Paragliders have been flown on every continent on earth (although soaring an ice pressure ridge in Antarctica is strictly for a limited number of enthusiasts!).
The great majority of paragliding involves launching from a hill or mountain, some otherwise suitable sites are not available either because they cannot be accessed, or there are no suitable launch or landing areas, or they are privately owned, and it has not been possible to get permission. Some are within areas of controlled airspace. Happily, this leaves a large number of suitable sites where we can fly, and some of the best and most accessible are very popular.
When you are an experienced pilot and can make a good site assessment yourself, you can pioneer new places to fly, and this is one of the joys and challenges of being a pilot. For new flyers the best option is to take advantage of the work done by existing club members and pilots and fly on “known” sites.
In the UK, each area has a club that has checked out the possible flying venues, and will often publish a guide, including any regulations, restrictions or hazards to watch out for.
You cannot simply launch from any slope, sadly a number of flying sites have been lost by the thoughtless actions of individuals who did not check the local agreements in place, often the result of many years of patient negotiations by the club.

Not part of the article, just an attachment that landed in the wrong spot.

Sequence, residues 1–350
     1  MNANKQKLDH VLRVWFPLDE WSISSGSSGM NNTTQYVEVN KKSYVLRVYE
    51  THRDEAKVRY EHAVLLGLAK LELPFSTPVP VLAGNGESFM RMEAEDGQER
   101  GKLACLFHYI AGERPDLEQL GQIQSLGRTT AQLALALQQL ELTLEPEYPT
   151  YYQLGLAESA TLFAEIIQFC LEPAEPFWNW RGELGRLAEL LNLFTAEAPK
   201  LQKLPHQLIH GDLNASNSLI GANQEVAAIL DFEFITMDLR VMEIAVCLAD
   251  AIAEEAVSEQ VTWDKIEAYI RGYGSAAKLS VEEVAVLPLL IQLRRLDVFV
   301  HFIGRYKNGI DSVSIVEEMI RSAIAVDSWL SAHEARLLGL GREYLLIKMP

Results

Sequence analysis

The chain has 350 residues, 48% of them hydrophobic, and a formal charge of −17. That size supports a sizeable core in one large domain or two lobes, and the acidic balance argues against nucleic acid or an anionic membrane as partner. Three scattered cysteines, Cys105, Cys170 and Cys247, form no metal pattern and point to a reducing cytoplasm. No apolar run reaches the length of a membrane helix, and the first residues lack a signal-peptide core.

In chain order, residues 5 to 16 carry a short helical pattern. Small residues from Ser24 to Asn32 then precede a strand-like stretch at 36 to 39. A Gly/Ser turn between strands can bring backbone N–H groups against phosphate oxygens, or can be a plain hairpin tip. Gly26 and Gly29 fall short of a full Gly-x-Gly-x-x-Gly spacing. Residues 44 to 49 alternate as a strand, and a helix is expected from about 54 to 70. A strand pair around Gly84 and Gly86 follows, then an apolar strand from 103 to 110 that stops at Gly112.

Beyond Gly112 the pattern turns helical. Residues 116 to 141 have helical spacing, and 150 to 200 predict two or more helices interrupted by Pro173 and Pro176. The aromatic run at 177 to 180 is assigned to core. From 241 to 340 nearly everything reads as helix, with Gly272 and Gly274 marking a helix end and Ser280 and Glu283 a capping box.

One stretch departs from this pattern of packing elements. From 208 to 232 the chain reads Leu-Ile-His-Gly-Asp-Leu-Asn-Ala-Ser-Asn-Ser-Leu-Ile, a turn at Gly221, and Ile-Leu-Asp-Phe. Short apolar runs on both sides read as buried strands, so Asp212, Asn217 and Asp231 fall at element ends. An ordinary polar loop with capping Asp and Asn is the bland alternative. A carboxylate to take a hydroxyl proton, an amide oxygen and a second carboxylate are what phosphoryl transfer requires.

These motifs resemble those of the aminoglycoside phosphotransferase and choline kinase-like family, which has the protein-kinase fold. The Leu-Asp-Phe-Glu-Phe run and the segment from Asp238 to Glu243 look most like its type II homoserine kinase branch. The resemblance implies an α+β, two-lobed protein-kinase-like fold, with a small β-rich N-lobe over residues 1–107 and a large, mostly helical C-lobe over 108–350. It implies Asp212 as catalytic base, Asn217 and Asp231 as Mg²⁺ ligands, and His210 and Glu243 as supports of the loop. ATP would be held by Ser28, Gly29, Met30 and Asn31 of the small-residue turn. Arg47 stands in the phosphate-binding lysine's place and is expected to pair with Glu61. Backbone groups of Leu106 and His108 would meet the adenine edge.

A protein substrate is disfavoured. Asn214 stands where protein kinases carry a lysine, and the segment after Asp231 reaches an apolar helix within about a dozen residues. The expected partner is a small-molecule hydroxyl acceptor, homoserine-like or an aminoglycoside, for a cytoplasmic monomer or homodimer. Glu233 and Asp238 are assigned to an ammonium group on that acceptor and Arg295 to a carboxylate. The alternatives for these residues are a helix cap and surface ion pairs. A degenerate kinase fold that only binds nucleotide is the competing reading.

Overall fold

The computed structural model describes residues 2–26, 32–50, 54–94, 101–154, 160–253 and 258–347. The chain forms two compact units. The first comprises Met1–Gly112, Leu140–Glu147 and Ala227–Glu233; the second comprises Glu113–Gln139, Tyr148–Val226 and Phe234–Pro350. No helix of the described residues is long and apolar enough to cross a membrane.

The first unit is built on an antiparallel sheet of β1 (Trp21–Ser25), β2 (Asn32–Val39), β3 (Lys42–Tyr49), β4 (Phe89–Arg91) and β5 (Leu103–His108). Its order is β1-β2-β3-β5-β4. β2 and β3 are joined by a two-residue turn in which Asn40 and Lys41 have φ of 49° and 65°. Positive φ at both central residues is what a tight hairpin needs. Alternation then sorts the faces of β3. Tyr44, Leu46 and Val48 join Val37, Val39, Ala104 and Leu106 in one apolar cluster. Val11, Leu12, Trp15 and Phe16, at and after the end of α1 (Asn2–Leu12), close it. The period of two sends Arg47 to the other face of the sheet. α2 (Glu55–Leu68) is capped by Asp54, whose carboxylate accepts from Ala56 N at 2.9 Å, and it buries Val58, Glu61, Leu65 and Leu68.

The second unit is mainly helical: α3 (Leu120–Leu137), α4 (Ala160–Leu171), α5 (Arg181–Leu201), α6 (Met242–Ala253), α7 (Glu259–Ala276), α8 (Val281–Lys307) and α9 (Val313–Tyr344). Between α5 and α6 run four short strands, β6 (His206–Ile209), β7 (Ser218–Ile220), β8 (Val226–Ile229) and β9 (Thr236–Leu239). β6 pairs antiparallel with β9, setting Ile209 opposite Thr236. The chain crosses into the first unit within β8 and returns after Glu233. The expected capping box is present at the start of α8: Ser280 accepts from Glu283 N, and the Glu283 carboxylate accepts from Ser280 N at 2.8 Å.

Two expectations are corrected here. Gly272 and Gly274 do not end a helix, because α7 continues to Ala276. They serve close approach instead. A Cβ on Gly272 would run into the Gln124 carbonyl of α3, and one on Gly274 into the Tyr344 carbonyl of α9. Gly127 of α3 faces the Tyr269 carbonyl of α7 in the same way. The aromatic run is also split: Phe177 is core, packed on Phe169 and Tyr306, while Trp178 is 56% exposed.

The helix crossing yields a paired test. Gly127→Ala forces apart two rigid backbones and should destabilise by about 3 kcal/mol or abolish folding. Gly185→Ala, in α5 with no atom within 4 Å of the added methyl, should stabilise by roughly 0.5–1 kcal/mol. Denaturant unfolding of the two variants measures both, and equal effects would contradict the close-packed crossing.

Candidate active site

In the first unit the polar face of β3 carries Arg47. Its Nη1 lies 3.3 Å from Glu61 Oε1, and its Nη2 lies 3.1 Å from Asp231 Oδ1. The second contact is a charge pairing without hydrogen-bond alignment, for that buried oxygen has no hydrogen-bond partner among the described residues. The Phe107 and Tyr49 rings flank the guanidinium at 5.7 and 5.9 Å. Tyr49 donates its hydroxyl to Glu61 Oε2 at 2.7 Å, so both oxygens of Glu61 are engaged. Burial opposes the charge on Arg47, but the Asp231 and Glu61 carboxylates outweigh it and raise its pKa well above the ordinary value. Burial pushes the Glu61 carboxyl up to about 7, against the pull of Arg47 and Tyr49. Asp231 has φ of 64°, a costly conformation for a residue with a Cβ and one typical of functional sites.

One of the rewards of the sport is that we often fly in very beautiful locations, and discover places that are seldom visited.
Your region will have such a club, and whether it is a coastal cliff, a small hill or a mountain site, other pilots will probably have tried to fly there already. Even 30ft high dunes can be flown in the right conditions, but if you do live somewhere that is a bit flat, you may find that the best way into the air is to be towed aloft by a winch.
Towing is a club activity; you will require a launch marshal/signaller and a winch operator.
You can find more information on towing in Part 1 of this resource, or there is a list of BHPA schools on the BHPA website.
If you want to fly independently and there are no suitable sites nearby you can still use a motor to get airborne.
More information on paramotoring can be found in Part 1 of this resource, or there is a list of BHPA schools on the BHPA website.
If you live in a city, or somewhere with no local sites, then you will have to travel.
If the weather is poor for flying (as it often is in the UK in winter) the best chance of flying might be to travel to somewhere with a more flyable sites and consistent weather.
Many British student pilots choose to learn overseas, and many experienced pilots also choose holidays in warmer or more mountainous countries.
The illustration below shows the approximate locations of the major areas of free-flying sites in the UK. There are other sites and clubs, particularly in Scotland.
The local clubs will publish guides to all their usual sites.